A year of less stuff

Hello Friends,

If you’ve been following my blog for the last few weeks, you’ll know that Edie is off to Tashkent for a year.  As I write this, her plane is about to take off from Heathrow.

This is her case for the year.

10603409_796864653699615_5096727720807933010_nShe has had to pack for winter and summer.  The case contains a thick winter coat and snowboots, a couple of pairs of shorts and her work clothes.  She had to think very carefully when choosing what to take so that she could put together a number of outfits from a limited number of clothes.

When she went on her year abroad as part of her degree course, she took a lot of books and was over on her baggage allowance.  This time she has taken an e-reader and her case weighed 18 kg.

This has got me thinking that we could all manage with less stuff, and the exercise of living out of a suitcase for a year is an interesting one. It involves shopping consciously and deciding what is essential and what you can do without.

After we got back from holiday last year, I made a list of what I didn’t wear or use.  This year I left these things out of the suitcase and found I took a lot less stuff.  This year, there were one or two things which didn’t get worn, so I will try and cut down again next year.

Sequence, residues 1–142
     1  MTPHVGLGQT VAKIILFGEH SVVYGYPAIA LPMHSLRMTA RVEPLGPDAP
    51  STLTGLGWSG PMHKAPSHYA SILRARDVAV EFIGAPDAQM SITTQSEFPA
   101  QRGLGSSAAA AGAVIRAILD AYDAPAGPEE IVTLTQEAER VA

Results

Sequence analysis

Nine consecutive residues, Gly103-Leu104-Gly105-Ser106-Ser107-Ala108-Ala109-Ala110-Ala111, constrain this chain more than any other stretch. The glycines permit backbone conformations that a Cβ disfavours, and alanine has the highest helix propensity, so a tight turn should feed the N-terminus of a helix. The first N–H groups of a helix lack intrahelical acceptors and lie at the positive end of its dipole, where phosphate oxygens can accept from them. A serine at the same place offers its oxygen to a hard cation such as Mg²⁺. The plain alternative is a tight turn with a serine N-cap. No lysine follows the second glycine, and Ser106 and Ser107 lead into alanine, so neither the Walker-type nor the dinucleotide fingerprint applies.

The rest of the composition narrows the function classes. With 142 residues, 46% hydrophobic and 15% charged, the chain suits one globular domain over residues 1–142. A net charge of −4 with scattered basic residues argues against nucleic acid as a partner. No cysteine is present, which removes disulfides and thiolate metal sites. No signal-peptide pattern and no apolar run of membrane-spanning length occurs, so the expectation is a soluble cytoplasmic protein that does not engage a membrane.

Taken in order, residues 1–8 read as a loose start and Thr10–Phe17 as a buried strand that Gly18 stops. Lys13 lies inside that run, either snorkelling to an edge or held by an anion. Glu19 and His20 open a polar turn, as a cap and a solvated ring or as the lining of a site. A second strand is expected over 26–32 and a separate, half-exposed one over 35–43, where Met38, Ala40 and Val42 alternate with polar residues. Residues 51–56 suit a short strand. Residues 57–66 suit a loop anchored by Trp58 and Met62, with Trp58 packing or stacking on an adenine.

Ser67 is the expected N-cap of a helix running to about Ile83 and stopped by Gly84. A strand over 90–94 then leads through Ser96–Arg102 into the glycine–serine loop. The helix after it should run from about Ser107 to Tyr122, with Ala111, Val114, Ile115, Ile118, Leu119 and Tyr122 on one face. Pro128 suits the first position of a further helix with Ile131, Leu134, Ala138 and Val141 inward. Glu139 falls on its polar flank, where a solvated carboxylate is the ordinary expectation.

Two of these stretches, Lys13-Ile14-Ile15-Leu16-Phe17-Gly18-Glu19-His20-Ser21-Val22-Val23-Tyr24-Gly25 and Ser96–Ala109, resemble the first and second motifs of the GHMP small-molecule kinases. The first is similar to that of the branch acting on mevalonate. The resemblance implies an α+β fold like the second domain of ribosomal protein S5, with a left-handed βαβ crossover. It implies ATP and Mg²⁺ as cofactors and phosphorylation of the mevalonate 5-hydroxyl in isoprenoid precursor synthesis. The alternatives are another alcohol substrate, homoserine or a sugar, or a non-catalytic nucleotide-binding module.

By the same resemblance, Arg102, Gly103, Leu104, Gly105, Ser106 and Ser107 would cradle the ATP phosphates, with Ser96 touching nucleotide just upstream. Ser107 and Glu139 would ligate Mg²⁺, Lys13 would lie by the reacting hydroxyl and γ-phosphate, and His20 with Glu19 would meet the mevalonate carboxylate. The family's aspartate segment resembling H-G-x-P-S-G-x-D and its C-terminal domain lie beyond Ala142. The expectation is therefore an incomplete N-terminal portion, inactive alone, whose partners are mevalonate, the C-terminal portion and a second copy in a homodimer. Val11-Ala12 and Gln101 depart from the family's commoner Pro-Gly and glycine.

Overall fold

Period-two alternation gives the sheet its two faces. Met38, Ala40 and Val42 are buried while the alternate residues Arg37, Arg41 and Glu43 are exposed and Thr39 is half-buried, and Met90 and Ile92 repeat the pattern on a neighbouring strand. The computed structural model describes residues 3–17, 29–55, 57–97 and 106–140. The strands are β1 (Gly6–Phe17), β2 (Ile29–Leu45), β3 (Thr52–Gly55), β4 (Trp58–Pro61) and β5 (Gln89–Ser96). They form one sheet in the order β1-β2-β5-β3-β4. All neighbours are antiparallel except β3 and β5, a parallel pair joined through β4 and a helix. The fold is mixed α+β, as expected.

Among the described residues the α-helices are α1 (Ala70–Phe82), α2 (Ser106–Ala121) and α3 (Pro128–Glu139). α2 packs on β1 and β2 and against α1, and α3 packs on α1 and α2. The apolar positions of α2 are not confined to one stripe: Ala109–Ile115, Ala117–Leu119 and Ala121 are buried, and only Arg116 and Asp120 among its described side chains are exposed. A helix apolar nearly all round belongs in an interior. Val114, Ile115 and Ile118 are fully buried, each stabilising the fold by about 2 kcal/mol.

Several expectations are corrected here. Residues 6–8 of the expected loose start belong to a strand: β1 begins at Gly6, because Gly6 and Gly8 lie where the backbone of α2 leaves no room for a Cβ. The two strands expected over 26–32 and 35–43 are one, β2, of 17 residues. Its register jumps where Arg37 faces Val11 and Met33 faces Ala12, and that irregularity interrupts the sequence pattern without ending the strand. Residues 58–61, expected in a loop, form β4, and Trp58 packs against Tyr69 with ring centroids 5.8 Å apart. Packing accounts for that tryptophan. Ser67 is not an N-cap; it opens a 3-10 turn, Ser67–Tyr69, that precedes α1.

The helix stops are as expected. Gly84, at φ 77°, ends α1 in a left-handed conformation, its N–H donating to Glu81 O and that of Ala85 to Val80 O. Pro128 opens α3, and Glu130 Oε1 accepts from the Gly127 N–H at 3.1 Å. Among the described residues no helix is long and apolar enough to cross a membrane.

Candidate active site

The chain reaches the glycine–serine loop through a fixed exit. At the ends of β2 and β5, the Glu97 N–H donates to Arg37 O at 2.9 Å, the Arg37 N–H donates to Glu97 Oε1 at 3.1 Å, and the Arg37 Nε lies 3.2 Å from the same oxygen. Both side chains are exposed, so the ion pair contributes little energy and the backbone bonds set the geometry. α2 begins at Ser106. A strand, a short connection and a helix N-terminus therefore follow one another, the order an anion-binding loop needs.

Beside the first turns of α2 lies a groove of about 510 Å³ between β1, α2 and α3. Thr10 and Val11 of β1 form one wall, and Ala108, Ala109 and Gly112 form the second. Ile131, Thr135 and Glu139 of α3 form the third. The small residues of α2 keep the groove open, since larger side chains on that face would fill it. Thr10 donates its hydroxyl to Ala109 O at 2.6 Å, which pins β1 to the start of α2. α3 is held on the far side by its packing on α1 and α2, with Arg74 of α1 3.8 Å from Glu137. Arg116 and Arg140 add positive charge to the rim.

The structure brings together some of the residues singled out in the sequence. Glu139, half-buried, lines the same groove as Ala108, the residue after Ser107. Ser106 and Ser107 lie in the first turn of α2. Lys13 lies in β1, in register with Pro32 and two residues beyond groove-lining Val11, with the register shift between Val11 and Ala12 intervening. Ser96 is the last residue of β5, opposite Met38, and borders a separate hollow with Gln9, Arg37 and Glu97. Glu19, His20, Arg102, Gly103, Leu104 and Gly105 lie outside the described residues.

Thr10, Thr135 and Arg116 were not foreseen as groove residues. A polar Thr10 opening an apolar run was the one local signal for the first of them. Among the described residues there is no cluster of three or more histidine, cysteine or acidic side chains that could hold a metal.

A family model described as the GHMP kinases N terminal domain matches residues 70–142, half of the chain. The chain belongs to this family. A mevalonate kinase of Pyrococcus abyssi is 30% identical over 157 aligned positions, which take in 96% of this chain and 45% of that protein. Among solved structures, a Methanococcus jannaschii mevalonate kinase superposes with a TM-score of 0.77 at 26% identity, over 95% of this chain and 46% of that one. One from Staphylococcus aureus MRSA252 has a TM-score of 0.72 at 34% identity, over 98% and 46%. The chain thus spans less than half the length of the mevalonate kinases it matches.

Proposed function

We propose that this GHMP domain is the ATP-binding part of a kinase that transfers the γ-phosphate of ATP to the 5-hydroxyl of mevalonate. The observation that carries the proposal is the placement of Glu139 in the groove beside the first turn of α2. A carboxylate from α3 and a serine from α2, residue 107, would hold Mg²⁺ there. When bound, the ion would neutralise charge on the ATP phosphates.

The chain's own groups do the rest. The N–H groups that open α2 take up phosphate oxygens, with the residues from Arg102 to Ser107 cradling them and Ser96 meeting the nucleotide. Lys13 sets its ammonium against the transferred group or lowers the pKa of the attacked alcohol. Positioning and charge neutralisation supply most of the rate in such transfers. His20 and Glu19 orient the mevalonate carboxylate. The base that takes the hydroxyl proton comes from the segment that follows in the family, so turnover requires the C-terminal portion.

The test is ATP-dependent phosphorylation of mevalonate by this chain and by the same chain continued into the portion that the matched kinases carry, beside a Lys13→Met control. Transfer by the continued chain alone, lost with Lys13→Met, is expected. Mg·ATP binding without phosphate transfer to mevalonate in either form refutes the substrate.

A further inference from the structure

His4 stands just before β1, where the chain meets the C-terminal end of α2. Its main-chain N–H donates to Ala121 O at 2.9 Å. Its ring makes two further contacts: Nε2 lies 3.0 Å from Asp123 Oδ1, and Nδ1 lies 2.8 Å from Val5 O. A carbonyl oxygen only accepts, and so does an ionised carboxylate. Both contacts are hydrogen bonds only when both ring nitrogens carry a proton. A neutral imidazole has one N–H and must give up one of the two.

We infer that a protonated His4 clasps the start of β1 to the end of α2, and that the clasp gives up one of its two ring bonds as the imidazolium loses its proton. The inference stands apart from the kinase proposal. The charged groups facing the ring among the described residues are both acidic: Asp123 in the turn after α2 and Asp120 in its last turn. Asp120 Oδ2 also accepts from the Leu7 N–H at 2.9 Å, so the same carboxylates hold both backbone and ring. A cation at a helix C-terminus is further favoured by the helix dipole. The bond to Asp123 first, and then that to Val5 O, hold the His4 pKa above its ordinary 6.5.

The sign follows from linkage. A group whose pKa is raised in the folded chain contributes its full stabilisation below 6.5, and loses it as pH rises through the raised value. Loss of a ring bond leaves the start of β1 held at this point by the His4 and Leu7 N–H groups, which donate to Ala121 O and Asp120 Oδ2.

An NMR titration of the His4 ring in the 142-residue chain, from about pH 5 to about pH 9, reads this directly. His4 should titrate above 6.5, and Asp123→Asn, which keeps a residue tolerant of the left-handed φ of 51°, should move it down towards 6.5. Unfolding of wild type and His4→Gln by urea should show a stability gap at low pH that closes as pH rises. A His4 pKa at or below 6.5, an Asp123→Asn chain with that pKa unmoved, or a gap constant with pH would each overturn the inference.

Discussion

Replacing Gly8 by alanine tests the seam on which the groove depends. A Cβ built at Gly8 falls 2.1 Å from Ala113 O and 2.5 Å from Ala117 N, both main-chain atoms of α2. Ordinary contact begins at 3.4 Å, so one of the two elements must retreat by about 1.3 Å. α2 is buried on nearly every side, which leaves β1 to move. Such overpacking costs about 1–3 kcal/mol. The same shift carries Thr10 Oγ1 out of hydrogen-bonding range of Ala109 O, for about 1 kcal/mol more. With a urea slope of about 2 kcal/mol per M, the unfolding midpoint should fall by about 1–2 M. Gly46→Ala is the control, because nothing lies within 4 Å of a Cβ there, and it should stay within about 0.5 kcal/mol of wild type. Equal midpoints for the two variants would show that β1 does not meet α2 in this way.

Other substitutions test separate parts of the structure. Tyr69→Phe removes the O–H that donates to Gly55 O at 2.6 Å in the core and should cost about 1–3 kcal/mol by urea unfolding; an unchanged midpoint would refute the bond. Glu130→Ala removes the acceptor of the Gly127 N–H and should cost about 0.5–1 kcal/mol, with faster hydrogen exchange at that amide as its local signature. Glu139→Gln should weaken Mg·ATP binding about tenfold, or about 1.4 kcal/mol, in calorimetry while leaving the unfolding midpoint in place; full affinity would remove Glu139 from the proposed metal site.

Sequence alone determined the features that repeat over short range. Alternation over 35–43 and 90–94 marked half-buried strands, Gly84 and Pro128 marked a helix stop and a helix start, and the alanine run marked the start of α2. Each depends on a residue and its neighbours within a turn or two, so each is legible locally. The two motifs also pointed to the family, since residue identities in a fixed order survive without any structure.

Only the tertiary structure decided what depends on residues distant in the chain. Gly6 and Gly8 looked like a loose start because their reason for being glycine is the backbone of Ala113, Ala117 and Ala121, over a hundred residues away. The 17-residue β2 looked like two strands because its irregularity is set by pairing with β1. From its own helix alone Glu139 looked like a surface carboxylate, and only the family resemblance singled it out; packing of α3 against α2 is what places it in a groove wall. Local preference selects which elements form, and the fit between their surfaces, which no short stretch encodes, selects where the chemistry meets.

I think this would be an interesting exercise to apply to other areas of the home and decide what I really need.

Have you ever had the experience of living with a pared down amount of stuff?  How did you get on?

Until next time, Tawney x

Sale bargains

Hello Friends,

I’m not very good at sales.  I don’t like the feeling of being overwhelmed and hunting through things as if you are at a jumble sale.  I’ve also had a few sale disasters.

I have, however, had a few successful purchases in the last couple of weeks..  As you will know, Edie flies to Uzbekistan for a year on Friday.  She needed some new walking shoes – she’s had her old walking boots for about 6 years, they don’t fit properly and are split down the side.  They are also very heavy and she is on the limit of her baggage allowance.

We spotted some suitable lightweight shoes in a shop today.  As she has a only few days left here, I decided to bite the bullet, even though they were a bit on the pricey side.  When I got to the till, I found they had 20% off making them a very good buy indeed.